3 energy saving ways to boost intimacy in the newborn days – *hint* the bedroom is not involved!

Regardless of whether this is your first bub or your 5th, those early newborn days are so draining and exhausting. It can take a real toll on your relationship, which, let’s face it, makes life even harder.

If you were like me, you would have been imagining easy lie in’s where hubby brings you coffee and breakfast in bed after a rough night, where he takes the other kids to play somewhere giving you time to sleep in, where you hear the muffled sounds of the vacuum sucking up all the bits and pieces that somehow accumulate on the carpet every. Single. Day!

It’s a real shock to the system when that doesn’t happen!!

The challenge is that he is going through his own changes, adapting to a new baby to care for and consider, roles shifting in a way that neither of you expected – even if for the short term, hormonal changes that come with becoming a father (either for the first time or again) – yes, men go through hormonal changes too!

When you both feel alone, you both feel unsafe and communication goes down the drain.

So how can you boost your intimacy in a way that doesn’t physically put you at harm’s way of pain and infection?

Here are 3 strategies we use – be sure to share any of yours in the comments below!

1. Hugs

Anyone who knows me will be sick to death of this being my absolute go to! Though it’s astounding at how much we overlook this simple, yet effective strategy.
On my really tired days, my husband knows how tired I am by the frequency of the hugs I “offer”/ask for.
I asked him what he would think if I only hugged him once a week – his reply “what did I do wrong?!”

To hug means to let someone in, to be vulnerable – incredibly intimate.

We know that someone loves and appreciates us if they are willing to hug us, it suggests we are in a safe place.
When words fail us, hugs can easily communicate love and affection to the other person.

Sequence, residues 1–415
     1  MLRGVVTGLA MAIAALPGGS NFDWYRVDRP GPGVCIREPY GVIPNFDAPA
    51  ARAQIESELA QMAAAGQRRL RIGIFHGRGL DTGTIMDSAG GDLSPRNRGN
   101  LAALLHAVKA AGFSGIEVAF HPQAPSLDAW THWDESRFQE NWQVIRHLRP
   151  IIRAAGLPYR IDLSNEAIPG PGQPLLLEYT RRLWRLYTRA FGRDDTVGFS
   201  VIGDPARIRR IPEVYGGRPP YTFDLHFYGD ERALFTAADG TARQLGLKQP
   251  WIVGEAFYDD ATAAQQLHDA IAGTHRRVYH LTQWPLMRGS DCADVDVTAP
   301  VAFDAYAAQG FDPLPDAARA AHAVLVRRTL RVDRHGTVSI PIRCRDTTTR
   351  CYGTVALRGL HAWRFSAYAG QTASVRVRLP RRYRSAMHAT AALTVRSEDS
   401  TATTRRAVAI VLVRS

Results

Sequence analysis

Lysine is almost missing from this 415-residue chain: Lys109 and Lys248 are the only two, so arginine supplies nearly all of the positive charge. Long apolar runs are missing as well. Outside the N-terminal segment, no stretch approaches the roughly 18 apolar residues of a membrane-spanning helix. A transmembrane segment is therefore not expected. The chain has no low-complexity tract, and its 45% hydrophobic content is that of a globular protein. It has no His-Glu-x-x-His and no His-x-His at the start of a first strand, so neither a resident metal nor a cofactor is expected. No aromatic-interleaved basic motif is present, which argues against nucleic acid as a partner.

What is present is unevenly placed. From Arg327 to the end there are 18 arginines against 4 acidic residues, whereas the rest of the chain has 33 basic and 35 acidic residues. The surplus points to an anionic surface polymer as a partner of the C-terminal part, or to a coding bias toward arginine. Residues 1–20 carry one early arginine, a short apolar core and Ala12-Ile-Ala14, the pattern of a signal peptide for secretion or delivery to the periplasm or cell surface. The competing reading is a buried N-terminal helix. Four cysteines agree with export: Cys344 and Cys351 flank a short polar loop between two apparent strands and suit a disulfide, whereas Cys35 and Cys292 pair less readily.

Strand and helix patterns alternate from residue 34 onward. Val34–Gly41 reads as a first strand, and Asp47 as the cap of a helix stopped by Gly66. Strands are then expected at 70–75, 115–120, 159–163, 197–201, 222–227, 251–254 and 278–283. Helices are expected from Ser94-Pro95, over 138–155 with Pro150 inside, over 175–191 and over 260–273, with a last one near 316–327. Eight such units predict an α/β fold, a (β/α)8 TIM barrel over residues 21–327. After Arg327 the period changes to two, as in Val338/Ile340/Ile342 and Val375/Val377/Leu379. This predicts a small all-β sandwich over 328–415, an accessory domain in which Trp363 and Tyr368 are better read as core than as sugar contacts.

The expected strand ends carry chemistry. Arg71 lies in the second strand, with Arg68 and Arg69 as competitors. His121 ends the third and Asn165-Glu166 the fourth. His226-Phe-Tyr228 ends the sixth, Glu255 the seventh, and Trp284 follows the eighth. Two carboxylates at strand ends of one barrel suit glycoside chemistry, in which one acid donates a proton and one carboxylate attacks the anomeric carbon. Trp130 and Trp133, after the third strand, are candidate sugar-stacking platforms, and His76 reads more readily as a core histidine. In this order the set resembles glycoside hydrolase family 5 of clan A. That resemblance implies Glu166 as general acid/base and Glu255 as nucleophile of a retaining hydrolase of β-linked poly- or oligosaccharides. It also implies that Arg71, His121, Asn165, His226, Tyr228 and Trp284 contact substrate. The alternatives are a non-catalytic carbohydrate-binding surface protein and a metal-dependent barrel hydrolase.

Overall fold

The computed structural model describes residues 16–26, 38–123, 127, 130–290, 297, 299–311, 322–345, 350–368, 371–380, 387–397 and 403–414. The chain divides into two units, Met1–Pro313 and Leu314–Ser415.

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2. Our actual words!

We can’t expect our husbands to read our minds. I tried it for a long time, it only caused heartache and pain. I used to think that if he loved me, then he should know what I need. I’ve learned since those early days that, it’s just not true!

My husband can sleep through a lot, he would wake up refreshed, though totally unaware that I had been up and down all night (he lacks certain physical abilities to provide what our newborns need so I usually don’t bother waking him up unless I’m really at my wits end!).

So, it’s up to me to let him know what I need.

When I clearly communicate what I need, and if he is practically able to provide for those needs, then I feel safe and secure, and he knows he isn’t helpless in supporting me. Sometimes he can’t help (like he will need to leave early for work), so working out something he can do later to help is the next best thing (like hitting the shops for groceries and hidden chocolate at the end of the day…).

3. Quality couple time!

When kids are involved, we need to grab this while we can! For us, after the kids go to bed is our time to talk, have that hidden chocolate, watch a funny movie/TV show, foot/head massage, etc.

We need to prioritise this otherwise life just revolves around the kids – and that helps no one in the long term!

You may need to organise a babysitter from time to time, or get to the heart of what’s causing your older kids to not stay in bed (I have some extra suggestions on that one here!). The point is, you can’t feel safe with someone you never spend time with. So, look at your schedule, book in that time, say no to some things that aren’t as important – you can’t do it all!

All in all, the newborn stage is hard, but it doesn’t have to be lonely!

Do you and your partner have intimacy boosting strategies that don’t involve the bedroom? Share them below!!

 

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More on our guest author – Jess!

Jess Mannion is wife to 1 and mother to 2 girls with baby number 3 on the way (stay tuned for the pink or blue!). While Jess is passionate about sleep, real coffee, and Jesus; she is also a passionate Counsellor and Family Coach who really wants to do herself out of a job by equipping families to connect and thrive together, rather than haphazardly blunder through life, all while living in the real world.

You can follow Jess’s work at Intentional Families – make sure you bring a hot cuppa along with you!
Check out Jess’s website here!

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